Failure analysis and system reliability are a fundamental part of the aerospace industry. With the extremely rare exception, modern aircraft are assessed and evaluated at the component, system, and aircraft level for all manner of failure impacts. This article will give methods for effectively analyzing data and discuss the commonly accepted Failure Mode and Effects Analysis (FMEA) technique as it is applied to the Electrical Wire Interconnect System (EWIS) for aerospace, using MIL-HDBK-683 as a guide.
As the title implies, the MIL-HKBK-683 is a set of guidelines the military uses to discuss tools and analytical techniques used for effective decision making. Although MIL-HDBK-683 is primarily focused on process improvement, the particular application will have industry specific language describing the means of assessing failure modes common across industries.
FMEA is a common qualitative analysis tool developed in the 1940s for failure analysis that requires an in-depth analysis of all sub-systems for the purpose of identifying potential failure modes as well as their root causes and effects. In this assessment, each failure mode is given a probability of detection and a probability of system failure. The following steps can be used as a guideline when performing an FMEA.
1. Identify Failure Modes
Assess all potential failure modes in a system. This requires an in-depth understanding of how each sub-system interrelates and contributes to the whole system. Identification of potential failures can be the most challenging step when performing an FMEA, especially in complex systems where one failure mode can be the cause for another failure mode in another sub-system. When applying FMEA to an aircraft’s EWIS components, there are numerous potential failures that need to be assessed. One common failure mode found on EWIS is harness chafing; it will be used as an example throughout the rest of this article.
2. Root Cause Analysis
Determine the root cause of each failure mode. This step requires an underlying problem assessment. If performed with a new design, this may include the development of a “fishbone style” analysis to examine potential weak points in the design. When looking at EWIS, one common cause for chafing is improper clamp installation. When clamps are installed improperly, the harnesses can have too much room or they can be too tight. In each situation, the harnesses will either chafe on each other or against the clamp causing the harness to deteriorate over time.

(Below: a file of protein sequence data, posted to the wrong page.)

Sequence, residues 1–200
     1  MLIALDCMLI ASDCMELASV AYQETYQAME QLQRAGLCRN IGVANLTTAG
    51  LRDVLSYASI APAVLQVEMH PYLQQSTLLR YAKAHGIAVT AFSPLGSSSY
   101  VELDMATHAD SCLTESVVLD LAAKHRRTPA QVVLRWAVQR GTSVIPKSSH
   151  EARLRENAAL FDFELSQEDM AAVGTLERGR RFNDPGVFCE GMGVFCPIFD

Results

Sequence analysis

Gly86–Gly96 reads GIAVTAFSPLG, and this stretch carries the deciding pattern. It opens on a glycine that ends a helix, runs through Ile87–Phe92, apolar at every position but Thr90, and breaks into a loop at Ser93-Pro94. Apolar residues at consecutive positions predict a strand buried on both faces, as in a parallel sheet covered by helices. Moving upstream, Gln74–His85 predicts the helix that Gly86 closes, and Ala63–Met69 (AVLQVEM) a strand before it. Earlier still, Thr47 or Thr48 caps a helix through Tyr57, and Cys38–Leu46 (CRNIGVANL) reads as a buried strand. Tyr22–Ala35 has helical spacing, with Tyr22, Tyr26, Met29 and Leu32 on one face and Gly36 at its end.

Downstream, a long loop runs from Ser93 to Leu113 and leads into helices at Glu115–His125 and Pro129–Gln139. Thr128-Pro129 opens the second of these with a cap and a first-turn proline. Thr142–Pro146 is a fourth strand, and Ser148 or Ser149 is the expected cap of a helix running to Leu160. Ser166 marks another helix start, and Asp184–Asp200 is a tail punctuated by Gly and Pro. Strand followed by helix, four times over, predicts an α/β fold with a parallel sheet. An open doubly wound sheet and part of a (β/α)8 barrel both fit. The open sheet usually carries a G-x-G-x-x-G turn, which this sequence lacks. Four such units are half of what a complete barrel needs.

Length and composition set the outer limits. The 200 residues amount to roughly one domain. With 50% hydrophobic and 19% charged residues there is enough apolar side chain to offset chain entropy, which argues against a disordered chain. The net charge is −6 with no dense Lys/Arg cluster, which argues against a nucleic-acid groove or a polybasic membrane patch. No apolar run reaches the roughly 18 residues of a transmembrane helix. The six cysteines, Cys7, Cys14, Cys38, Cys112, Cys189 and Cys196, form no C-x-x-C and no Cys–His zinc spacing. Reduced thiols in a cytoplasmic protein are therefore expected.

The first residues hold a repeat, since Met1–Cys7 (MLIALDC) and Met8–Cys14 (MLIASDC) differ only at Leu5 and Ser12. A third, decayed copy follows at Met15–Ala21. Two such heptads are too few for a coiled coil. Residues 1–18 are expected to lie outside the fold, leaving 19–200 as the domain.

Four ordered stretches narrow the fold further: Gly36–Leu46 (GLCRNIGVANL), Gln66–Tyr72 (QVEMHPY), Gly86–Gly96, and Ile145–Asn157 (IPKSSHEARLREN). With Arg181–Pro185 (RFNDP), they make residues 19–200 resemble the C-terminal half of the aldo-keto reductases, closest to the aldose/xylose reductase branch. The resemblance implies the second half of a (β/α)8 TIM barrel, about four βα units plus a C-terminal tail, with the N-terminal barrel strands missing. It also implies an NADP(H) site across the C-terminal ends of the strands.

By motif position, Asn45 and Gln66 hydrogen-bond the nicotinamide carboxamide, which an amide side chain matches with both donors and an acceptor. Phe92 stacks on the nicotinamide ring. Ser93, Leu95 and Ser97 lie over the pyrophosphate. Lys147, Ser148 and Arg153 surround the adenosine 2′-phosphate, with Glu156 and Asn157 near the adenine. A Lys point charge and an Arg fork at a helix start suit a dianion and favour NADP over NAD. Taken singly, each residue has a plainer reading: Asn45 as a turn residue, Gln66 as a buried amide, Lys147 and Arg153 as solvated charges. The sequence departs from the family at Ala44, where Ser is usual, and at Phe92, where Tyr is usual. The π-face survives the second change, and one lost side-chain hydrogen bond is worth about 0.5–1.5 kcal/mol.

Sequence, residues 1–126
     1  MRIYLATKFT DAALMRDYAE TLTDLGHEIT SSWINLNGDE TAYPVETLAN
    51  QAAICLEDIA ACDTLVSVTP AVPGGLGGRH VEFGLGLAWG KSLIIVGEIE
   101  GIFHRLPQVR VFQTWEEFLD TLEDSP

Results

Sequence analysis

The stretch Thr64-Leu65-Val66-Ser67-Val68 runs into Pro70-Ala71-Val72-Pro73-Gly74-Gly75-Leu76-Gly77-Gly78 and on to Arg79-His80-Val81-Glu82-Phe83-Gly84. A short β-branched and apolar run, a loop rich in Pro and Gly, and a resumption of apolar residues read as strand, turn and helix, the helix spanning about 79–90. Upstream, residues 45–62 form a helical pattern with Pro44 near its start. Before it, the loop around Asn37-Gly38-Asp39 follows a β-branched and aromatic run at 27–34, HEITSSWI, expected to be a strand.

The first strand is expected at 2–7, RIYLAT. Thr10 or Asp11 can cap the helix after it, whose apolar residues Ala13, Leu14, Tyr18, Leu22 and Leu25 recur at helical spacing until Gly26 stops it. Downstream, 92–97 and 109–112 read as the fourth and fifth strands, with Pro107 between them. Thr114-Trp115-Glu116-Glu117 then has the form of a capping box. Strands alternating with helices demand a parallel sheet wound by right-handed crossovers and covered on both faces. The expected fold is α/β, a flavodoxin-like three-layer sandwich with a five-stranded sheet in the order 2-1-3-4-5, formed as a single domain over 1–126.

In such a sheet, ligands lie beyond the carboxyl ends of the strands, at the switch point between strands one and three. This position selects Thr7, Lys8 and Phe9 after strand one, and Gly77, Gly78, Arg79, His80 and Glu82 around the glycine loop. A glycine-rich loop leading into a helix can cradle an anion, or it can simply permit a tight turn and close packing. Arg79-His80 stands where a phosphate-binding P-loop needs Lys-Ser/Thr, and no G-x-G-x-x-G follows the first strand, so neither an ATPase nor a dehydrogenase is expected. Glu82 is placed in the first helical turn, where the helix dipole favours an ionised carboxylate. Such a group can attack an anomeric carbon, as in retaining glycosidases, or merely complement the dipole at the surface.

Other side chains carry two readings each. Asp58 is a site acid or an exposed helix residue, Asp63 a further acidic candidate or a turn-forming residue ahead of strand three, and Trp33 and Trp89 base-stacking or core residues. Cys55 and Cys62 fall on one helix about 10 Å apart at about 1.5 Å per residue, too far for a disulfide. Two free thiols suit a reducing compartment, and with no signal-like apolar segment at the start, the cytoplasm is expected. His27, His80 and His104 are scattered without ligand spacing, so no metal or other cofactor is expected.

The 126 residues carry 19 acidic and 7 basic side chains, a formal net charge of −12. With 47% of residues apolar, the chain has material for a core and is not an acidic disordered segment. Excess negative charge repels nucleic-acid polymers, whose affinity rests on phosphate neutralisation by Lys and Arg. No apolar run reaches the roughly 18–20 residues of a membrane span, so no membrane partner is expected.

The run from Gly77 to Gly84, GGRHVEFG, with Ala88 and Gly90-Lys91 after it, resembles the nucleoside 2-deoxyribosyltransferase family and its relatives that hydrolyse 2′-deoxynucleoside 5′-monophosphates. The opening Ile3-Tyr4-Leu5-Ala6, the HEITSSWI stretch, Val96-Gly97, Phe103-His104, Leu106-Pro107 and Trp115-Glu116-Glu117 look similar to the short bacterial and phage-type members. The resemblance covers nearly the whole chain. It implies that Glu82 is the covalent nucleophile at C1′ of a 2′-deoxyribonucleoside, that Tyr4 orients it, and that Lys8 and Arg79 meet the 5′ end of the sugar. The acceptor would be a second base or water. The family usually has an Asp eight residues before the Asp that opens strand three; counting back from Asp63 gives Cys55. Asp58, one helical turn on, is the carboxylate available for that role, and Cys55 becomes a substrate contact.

3. Probability of Failure Occurrence
Calculate the probability of occurrence for each failure mode. If component failure data is not available, then a qualitative scale can be used. For the example here, a scale of 1 to 10 (1 being a very low probability and 10 being a very high probability of occurrence) will be used. Chafing points found on older aircraft are often due to more maintenance and replacement activities. Since it is common to find various chafing points, the score for the probability of occurrence is a high score of 8.
4. Failure Criticality
Estimate the weight or criticality of each failure mode on a scale of 1 to 10 (1 being a very low failure criticality and 10 being a very high failure criticality). For those familiar with FAA AC 25.1701, five severity levels are defined ranging from “No Safety Effect” to “Catastrophic.” In our example, the wire harness being chafed contains some power wires, but mostly low power and signal wires for the In-Flight Entertainment System. While the functional impact due to failure is low, the physical damage may cause damage to structure and other systems. Therefore, chafing will be given a moderate score of 6. For further discussion about EWIS failure criticality, you can read Lectromec’s EWIS Regulatory Compliance with 25.1707 – Part I article.
5. Latent Faults
Estimate the probability of “escaped” defects. Escaped defects are the number of failures that are not detected during system checks, such as an inspection. Being able to detect chafing on harnesses is fairly easy when inspection and maintenance checks are performed on a regular basis. Consequently, the probability of having escaped defects is small resulting in a low rating of 3. This value can be modified if routine maintenance checks are not performed on a regular basis.
6. Risk Priority Determination
Calculate the risk priority number by multiplying the values determined in Steps 3, 4, and 5. The resulting value can be used as a way to prioritize and allocate the necessary resources to mitigate the high-risk potential failures. Mitigation may come in the form of rerouting, secondary harness protection, or reducing the likelihood of failure with regular inspections. If periodic inspections are considered, the FAA has suggested a process called Enhanced Zonal Analysis Procedures (EZAP).
This article summarizes the FMEA analysis discussed in MIL-HDBK-683 as applied to EWIS. This analytical technique can be applied to almost any system for determining potential failures and identifying effective mitigation solutions. For more information on other techniques including design of experiments and cause analysis refer to MIL-HDBK-683. If you are looking for turnkey EWIS risk assessment, you can check out Lectromec’s EWIS Risk Assessment Tool (EWIS RAT).